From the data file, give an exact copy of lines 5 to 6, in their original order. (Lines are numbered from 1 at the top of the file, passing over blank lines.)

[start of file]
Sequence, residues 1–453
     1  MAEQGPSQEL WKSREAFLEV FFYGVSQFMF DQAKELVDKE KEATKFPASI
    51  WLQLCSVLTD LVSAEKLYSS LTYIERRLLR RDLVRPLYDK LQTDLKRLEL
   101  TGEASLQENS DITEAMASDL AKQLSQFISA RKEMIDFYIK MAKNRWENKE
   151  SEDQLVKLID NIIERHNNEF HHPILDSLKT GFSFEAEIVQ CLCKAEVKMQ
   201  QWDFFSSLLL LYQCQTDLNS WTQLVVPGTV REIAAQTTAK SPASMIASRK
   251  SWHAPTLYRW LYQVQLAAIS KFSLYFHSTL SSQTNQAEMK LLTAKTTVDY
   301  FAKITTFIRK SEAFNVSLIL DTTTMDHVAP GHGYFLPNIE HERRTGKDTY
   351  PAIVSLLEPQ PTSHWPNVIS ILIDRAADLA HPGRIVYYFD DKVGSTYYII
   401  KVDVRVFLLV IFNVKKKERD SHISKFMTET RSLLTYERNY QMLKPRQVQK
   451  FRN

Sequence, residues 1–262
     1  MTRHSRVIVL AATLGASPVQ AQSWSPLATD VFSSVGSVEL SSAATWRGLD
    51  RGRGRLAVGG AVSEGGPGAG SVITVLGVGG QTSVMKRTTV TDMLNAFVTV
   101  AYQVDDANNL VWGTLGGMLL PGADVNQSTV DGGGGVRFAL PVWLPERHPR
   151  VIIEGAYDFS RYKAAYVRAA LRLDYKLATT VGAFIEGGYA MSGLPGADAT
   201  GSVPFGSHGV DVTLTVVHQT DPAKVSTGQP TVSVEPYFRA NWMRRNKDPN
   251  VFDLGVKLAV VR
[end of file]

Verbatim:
   151  SEDQLVKLID NIIERHNNEF HHPILDSLKT GFSFEAEIVQ CLCKAEVKMQ
   201  QWDFFSSLLL LYQCQTDLNS WTQLVVPGTV REIAAQTTAK SPASMIASRK